Realizing that you are no longer able to financially stay afloat in your mortgage can be devastating. You never imagined when you closed on your home that years later you'd be faced with the decision to let it go. Many people find themselves having to make difficult choices in relation to their auto loans, mortgages, and other debts – but the fact is that all too often loss of jobs, illness, and the ever-changing economy leaves families in positions they never expected to be in.
Once you resolve that you'll no longer be able to fulfill your mortgage obligations, it's important for you to know that there are multiple options you have to move forward. Foreclosure is a term that, thanks to the most recent economic downfall, most people are familiar with. In addition to a traditional foreclosure, you may find that a Deed-in-Lieu of a Foreclosure is actually more beneficial for your situation.
What is a Foreclosure?
The foreclosure process begins when timely payments to the mortgage lender are no longer being made. This could be because of hardships such as, loss of employment, divorce, illness, or death of a sole provider or could be a decision made to allow the property to go back to the bank.
Generally, within three to six months of the missed payments, the lender will record a public notice indicating that the borrower has defaulted on the mortgage. After receipt of Notice of Default from the lender, the borrower enters a grace period known as "pre-foreclosure" - it's during that time that you can work out an arrangement with the lender either via a short sale or by paying off the outstanding amount owed.
If an agreement hasn't been arranged by the set deadline, the lender will set a date for the home to be sold during a foreclosure auction. During the auction, the home is sold to the highest cash bidder. If the home does not sell during the auction, it becomes a bank-owned property and the bank takes possession of the home.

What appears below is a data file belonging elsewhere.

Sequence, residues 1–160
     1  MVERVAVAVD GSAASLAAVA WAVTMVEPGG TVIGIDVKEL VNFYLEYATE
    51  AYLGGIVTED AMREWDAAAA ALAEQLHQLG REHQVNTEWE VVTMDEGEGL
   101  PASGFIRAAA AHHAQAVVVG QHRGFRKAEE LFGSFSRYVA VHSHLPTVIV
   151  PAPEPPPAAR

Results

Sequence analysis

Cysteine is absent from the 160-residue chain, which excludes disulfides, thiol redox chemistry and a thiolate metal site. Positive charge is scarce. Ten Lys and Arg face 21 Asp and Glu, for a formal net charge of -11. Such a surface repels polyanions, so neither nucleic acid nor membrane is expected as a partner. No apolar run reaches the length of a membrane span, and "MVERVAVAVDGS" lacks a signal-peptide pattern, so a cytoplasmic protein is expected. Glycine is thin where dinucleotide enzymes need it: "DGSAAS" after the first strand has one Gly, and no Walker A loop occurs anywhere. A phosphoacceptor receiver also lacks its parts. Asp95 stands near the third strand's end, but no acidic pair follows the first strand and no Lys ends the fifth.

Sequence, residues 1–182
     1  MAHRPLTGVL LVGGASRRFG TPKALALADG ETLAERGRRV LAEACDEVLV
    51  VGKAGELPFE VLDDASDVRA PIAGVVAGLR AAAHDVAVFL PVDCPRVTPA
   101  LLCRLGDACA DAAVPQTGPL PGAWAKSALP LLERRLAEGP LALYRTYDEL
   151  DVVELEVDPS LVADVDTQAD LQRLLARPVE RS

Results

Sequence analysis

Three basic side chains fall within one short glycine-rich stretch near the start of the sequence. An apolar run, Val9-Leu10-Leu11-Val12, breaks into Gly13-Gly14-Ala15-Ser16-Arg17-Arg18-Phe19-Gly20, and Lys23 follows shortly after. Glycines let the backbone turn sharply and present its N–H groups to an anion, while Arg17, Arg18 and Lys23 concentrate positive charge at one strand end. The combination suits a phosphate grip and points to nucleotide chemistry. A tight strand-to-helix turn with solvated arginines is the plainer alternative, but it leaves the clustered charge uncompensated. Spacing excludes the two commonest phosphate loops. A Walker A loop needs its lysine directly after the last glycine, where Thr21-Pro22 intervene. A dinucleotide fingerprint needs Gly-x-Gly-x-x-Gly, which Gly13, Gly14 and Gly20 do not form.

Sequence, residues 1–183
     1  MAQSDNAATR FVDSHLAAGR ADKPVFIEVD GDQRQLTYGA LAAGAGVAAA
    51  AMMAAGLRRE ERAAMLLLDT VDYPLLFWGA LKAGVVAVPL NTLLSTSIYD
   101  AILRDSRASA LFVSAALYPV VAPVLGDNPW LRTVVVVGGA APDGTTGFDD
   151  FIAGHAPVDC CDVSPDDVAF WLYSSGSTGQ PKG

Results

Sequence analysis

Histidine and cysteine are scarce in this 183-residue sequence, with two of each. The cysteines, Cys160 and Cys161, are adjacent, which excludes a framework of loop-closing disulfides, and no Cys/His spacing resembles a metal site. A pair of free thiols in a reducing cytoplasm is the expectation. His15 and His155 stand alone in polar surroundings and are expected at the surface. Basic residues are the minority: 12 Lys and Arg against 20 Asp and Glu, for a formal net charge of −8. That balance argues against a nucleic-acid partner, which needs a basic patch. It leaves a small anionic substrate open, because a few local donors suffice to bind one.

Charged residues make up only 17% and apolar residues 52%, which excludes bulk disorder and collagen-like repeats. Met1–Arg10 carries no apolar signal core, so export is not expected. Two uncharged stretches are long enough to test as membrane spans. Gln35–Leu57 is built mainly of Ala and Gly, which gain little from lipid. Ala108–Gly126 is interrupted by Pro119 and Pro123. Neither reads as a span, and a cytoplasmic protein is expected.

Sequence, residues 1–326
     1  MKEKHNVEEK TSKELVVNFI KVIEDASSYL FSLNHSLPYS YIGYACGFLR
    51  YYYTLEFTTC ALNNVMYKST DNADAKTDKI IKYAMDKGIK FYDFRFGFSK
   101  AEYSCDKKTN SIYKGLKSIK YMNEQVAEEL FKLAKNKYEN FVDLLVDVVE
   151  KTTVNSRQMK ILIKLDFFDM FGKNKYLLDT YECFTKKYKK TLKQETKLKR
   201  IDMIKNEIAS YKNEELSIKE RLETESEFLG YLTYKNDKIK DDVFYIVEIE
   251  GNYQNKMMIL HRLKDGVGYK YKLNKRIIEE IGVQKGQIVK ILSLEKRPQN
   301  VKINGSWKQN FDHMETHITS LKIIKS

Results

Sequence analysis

What is a Deed-in-Lieu of Foreclosure?
During a Deed-in-Lieu of Foreclosure, you voluntarily transfer the ownership of your property to your lender in exchange for a release from your mortgage obligation and payments. There may be significant tax issues, so it's important to consult your CPA in this before entering into a deed-in-lieu with your lender. Not every homeowner facing a potential foreclosure is an ideal candidate and will qualify for a Deed-in-Lieu of Foreclosure.
You are generally eligible for this program if:
- You're experiencing financial hardship such as reduced income (loss of employment), medical expenses or a divorce
- You are no longer able to afford your current mortgage payment
- You're unable to modify your current mortgage to make it affordable
- You tried for at least 90 to 120 days to sell your property at fair market value with the help of a licensed real estate agent but were unsuccessful
What Are the Benefits of a Deed-in-Lieu Of Foreclosure?
If eligible for a Deed-in-Lieu of a Foreclosure, some of the benefits to choosing this path include:
- The ability to eliminate your remaining mortgage debt
- You may be eligible for up to $3,000 relocation assistance (depending on your circumstances)
- Start repairing your credit sooner than if you went through a foreclosure
- May be eligible for a Fannie Mae mortgage to purchase a home sooner (in as little as 2 years) than if you went through foreclosure (up to 7 years)
- Flexible exit options let you leave the home immediately, stay in the home for up to three months without paying rent, or lease the home (at market rates)for up to one year
Knowing which option is truly the best fit for your current financial situation is difficult to judge. We strongly suggest that you consult with an experienced foreclosure defense attorney at the beginning stages of your hardship to create a plan to help you move forward. An attorney will be able to guide you in selecting the course of action that will not only benefit you now but also help you build on financially for your future.